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Venezuela’s New Assembly Declares Itself All-Powerful

Constitutional Assembly delegate Carmen Melendez speaks from the podium during a session in Caracas, Venezuela, Tuesday, Aug. 8, 2017. The government-backed assembly that is recasting Venezuela's political system filed into the stately domed chamber where congress normally meets. In two previous sessions, the 545-member assembly met in an adjacent, smaller building. (AP Photo/Ariana Cubillos)

CARACAS (AP) — The new constitutional assembly assumed even more power in Venezuela by declaring itself as the superior body to all other governmental institutions, including the opposition-controlled Congress.

That decree came Tuesday just hours after the assembly delegates took control of a legislative chamber and put up pictures of the late President Hugo Chavez, who installed Venezuela’s socialist system.

Delcy Rodriguez, the head of the ruling socialist party and leader of the body, said the unanimously approved decree prohibits lawmakers in Congress from taking any action that would interfere with laws passed by the newly installed constitutional assembly.

“We are not threatening anyone,” said Aristobulo Isturiz, the constitutional assembly’s first vice president. “We are looking for ways to coexist.”

Leaders of Congress, which previously voted not to recognize any of the new super-body’s decrees, said lawmakers would try to meet in the gold-domed legislative palace Wednesday, but there were questions whether security officers guarding the building would let them in.

The opposition to President Nicolas Maduro also faced another fight Wednesday before the government-stacked Supreme Court, which scheduled a hearing on charges against a Caracas-area opposition mayor. The judges convicted another mayor Tuesday for failing to move against protesters during four months of political unrest.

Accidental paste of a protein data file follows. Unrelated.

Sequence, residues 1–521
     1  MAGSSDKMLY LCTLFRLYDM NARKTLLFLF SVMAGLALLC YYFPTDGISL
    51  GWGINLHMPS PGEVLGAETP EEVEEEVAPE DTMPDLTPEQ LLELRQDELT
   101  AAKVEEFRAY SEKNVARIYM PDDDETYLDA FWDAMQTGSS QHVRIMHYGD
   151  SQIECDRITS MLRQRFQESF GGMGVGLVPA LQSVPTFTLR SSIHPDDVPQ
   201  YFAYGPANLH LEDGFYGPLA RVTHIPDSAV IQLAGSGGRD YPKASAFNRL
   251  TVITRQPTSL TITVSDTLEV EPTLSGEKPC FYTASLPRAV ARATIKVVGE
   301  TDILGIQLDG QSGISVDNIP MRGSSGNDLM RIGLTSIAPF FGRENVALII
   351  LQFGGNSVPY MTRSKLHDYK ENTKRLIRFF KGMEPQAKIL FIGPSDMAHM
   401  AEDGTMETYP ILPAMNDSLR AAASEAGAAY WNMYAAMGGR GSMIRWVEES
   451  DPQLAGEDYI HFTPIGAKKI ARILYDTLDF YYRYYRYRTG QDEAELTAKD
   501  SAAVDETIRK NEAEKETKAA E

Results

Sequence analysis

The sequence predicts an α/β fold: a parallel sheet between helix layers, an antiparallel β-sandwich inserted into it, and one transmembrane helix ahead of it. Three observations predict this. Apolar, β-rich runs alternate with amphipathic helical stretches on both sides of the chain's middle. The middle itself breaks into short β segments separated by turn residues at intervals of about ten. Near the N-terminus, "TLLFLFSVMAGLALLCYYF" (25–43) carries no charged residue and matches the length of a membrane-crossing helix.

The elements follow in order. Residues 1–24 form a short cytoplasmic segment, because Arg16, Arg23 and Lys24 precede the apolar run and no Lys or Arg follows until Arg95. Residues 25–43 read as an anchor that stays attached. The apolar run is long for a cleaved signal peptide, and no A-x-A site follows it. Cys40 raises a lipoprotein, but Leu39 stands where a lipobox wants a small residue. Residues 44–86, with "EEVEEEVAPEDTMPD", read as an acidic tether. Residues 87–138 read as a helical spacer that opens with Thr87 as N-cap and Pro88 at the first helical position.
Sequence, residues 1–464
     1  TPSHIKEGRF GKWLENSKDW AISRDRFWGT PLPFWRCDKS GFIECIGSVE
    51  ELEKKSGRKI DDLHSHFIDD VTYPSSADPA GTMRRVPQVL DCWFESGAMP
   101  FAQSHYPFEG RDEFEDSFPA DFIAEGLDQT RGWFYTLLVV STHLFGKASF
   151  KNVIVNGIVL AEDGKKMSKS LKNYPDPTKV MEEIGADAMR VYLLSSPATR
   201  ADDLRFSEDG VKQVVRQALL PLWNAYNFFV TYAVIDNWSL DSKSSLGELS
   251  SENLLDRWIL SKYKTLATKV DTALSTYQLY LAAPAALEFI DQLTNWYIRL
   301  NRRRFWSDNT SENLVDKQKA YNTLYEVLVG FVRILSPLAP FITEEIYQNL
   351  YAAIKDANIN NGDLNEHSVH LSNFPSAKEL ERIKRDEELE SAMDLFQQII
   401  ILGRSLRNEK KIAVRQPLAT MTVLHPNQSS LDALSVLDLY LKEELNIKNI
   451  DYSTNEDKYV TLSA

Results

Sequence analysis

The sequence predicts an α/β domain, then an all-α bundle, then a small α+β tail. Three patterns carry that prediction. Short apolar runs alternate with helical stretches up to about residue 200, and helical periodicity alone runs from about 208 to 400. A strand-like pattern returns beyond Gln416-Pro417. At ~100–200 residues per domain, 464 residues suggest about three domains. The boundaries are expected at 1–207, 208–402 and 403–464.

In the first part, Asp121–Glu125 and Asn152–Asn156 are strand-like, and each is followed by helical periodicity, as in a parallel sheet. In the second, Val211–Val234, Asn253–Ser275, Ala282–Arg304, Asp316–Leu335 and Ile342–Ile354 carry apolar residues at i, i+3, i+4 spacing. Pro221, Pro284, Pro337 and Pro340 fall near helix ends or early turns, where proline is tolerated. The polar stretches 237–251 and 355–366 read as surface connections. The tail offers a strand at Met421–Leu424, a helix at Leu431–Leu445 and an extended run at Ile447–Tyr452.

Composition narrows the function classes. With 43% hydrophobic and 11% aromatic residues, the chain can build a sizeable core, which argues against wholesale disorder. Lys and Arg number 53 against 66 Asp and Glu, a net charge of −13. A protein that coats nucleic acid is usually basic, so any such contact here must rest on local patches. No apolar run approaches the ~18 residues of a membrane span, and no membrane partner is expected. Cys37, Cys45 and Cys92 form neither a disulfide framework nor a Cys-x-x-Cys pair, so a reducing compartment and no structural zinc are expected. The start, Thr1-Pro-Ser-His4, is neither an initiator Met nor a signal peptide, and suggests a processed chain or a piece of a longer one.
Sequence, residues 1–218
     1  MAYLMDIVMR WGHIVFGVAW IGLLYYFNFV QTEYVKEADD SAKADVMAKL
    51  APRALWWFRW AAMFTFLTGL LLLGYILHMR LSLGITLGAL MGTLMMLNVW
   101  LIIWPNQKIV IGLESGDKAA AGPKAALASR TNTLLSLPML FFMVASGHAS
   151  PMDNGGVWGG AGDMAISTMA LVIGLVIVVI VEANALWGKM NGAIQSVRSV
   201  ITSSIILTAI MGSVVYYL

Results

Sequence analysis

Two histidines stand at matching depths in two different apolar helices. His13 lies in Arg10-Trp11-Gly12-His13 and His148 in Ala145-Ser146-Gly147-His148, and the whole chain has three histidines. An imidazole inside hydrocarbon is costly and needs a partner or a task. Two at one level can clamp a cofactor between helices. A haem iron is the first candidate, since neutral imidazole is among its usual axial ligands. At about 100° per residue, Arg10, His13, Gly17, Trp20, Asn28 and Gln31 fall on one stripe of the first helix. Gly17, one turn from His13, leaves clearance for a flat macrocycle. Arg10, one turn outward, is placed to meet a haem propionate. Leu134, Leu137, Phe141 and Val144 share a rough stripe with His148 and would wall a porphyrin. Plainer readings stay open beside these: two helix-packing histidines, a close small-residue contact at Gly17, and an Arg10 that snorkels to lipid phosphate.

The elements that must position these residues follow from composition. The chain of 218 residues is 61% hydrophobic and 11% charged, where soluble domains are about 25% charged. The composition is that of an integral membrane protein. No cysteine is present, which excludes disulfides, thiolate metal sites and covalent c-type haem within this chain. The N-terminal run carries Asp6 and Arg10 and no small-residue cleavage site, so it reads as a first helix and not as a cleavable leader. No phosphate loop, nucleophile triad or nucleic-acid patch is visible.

In calling the July 30 election for the constitutional assembly, Maduro said a new constitution would help resolve the nation’s political standoff, but opposition leaders view it as a power grab and the president’s allies have said they will go after his opponents. Before its decree declaring itself all-powerful, the assembly ousted Venezuela’s outspoken chief prosecutor, established a “truth commission” expected to target Maduro’s foes and pledged “support and solidarity” with the unpopular president.

The latest surge of protests began in early April in reaction to a quickly rescinded attempt by the government-supporting Supreme Court to strip the National Assembly of its powers. But the unrest ballooned into a widespread movement fed by anger over Venezuela’s triple-digest inflation, shortages of food and medicine, and high crime.

Opposition lawmakers said security forces led by Rodriguez broke into the congress building late Monday and seized control of an unused, ceremonial chamber almost identical to the one where lawmakers meet.

“This government invades the spaces that it is not capable of legitimately winning,” Stalin Gonzalez, an opposition lawmaker, wrote on Twitter, alluding to the opposition’s overwhelming victory in the 2015 congressional elections.

Before the assembly met Tuesday, the pro-government Supreme Court sentenced a Caracas-area mayor to 15 months in prison for not following an order to remove barricades set up during anti-government demonstrations. Read the rest of this entry »

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Venezuela Now Officially a Dictatorship

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Venezuela Supreme Court Assumes Powers of Opposition-Controlled Congress.

CARACAS, Venezuela—Venezuela‘s Supreme Court has assumed all powers of the opposition-controlled congress, a move lawyers and rights activists said amounted to the effective dissolution of the legislature in Latin America’s largest oil producer.

“This ruling marks the point of no return for the dictatorship,” National Assembly Vice President Freddy Guevara said. Assembly President Julio Borges called the act a coup and urged Venezuelans to rally on Saturday to defend the country’s democracy.

“This is despotic rule. There is absolutely no counterweighting [to Mr. Maduro].”

Michael Shifter of policy group Inter-American Dialogue